The Importance of Foreign Language Credit
Early in his presidency, Barack Obama expressed the need of the nation’s employers for an additional 8 million college graduates by 2020. Achieving this requires improving postsecondary education for the underserved, including Latino students.
Prior Learning Assessment (PLA) — earning college credit for life and work experience — can play a crucial role. Earning college credit for skills and knowledge they have already acquired , however, can help improve the odds that these students will complete degrees. PLA credits shorten the length of time required to earn a certificate, associates or bachelor's degree. This saves the student both time and money.
Latinos, who comprise a significant part of all major groups of the underserved, can benefit from PLA in many ways.
- They are more likely to be the first generation in their family to attend college
- They often come from families with lower household incomes when compared with white, black or Asian students
- Many received at least part of their education in a foreign country
- Latinos are more likely to be older than 25 when they first enroll at a postsecondary institution, and
- Latino students typically work at least 30 hours per week to support themselves or family members
Considering the various obstacles, the relatively lower graduation rates among Latinos are more easily understood: They must navigate a maze of applications for financial aid, advisement, and degree plans often without the experience of family members as guidance. They must find time for classes, work and family obligations. Many can attend class only part-time, which means that a bachelor's degree could take seven or eight years. Additionally, at many institutions, they must adapt to a culture that is quite unlike what they have experienced before. These factors may cause some to wonder if they really belong on a campus.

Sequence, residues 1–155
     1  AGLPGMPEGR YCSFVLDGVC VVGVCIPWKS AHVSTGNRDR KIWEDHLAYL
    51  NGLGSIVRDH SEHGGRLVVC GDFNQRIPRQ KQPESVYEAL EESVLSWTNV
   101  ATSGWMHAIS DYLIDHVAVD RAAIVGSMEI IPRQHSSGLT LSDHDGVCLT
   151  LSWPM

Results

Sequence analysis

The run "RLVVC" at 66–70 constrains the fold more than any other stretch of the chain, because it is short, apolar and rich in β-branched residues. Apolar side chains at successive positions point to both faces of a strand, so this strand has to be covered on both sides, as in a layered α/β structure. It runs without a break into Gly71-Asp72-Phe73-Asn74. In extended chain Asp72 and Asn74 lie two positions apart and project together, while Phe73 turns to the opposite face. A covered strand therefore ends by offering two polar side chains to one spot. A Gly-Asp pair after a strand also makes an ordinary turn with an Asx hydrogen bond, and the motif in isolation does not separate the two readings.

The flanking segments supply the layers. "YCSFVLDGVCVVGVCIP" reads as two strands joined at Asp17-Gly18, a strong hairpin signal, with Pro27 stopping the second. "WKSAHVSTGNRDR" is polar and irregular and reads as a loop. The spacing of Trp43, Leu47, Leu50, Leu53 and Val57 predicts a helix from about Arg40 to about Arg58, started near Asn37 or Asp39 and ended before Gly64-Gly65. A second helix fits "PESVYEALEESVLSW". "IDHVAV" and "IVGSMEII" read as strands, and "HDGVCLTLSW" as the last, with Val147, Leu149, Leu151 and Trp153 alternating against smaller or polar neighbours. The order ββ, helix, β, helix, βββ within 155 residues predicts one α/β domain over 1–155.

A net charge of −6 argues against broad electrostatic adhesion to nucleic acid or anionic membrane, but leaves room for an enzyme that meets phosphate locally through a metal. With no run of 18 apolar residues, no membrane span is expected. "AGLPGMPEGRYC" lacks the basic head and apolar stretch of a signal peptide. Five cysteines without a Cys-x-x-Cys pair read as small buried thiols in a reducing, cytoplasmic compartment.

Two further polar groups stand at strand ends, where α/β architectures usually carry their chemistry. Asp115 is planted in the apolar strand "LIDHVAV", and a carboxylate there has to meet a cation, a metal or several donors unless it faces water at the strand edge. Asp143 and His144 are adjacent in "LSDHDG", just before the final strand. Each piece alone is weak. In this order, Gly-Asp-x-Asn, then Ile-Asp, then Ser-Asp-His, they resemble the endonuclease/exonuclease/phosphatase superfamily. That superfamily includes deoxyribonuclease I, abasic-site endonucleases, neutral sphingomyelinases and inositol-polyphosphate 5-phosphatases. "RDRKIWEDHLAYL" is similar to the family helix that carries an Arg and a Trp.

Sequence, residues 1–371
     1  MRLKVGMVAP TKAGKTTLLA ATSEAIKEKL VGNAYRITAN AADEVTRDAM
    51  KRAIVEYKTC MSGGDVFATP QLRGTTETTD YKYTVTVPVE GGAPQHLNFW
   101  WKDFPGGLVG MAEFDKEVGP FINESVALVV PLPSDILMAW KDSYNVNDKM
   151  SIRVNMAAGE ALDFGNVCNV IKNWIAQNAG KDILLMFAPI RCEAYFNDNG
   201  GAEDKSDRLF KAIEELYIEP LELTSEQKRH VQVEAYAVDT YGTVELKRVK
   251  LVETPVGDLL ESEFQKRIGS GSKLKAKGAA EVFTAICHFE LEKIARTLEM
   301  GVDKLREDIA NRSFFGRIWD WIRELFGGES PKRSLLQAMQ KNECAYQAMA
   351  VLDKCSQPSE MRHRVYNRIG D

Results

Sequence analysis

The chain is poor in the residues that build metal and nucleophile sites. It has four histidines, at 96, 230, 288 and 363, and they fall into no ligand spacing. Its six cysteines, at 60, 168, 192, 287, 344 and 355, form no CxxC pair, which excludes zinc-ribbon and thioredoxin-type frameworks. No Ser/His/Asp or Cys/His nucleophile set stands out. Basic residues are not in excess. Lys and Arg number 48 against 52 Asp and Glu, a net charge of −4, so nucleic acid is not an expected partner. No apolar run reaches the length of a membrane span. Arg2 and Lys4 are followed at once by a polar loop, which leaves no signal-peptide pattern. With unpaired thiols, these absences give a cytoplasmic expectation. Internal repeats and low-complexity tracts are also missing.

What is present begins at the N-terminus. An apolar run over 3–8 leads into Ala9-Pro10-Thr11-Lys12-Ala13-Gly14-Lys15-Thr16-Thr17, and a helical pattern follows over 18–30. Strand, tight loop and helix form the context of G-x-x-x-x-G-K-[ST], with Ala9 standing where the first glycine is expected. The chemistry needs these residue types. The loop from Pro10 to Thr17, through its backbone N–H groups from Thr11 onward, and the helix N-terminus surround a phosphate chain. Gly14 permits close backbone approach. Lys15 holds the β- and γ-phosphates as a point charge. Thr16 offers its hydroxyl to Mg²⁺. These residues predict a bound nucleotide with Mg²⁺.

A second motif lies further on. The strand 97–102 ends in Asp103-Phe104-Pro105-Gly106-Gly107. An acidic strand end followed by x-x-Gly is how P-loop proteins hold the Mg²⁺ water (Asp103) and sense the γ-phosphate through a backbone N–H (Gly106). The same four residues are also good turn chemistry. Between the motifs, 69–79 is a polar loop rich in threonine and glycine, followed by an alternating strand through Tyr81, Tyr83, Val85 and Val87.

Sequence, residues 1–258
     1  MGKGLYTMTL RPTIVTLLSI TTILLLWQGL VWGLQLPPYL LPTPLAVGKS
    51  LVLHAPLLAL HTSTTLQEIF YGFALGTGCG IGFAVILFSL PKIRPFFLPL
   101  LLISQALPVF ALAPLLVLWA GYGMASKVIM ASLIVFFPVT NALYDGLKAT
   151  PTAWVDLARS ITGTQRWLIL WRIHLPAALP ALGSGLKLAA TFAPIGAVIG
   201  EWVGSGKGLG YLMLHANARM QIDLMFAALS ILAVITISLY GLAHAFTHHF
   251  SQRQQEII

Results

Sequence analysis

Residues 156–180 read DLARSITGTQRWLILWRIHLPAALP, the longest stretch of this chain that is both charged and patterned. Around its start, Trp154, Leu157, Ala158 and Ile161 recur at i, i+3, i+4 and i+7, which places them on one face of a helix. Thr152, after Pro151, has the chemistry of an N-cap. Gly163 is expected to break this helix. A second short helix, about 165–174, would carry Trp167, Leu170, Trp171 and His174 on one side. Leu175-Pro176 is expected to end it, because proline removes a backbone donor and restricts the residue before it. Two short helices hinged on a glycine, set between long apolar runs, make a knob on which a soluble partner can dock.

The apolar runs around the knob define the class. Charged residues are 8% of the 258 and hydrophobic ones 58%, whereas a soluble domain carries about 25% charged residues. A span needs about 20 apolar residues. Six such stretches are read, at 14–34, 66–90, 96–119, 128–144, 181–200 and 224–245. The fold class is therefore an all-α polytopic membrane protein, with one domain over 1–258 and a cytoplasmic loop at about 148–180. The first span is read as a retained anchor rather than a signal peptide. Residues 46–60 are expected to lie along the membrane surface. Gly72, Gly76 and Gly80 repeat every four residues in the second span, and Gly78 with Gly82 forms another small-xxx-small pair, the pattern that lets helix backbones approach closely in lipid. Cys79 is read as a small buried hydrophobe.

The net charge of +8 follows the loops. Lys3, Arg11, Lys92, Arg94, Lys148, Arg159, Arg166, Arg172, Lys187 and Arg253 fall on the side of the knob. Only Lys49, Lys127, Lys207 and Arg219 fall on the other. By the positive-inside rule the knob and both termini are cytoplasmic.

One of the most effective ways to encourage Latino students and others with proficiency in another language is to take advantage of PLA and zero in on the foreign language credit. A joint study conducted by the Council for Adult and Experiential Learning and Excelencia in Education found that 14 percent of Latino students earned foreign language credits compared with 2 percent of non-Latinos.
Furthermore, an additional 15 percent of the Latino students who received the foreign language credit earned PLA credits in other areas as well , compared to only 3 percent for non-Latinos.
Although the statistics show that the foreign language credit can serve as an effective starting point for encouraging Latino students to participate in PLA, there are other, less obvious benefits. Offering college credit for foreign language can help the institution connect with students. It demonstrates that the institution values the student's culture and prior experience. It can give Latino students a greater "feeling of belonging," especially at campuses at which Latino students are a minority population.
Improvement in graduation rates is essential if the nation is to have the supply of qualified workers that will be needed in the coming decades. Students who receive PLA credits complete their degrees at a rate that is 2.5 times higher than those without PLA credits.
Using the foreign language credit as a springboard for involving Latino students in PLA is an excellent way to improve graduation rates among Latinos.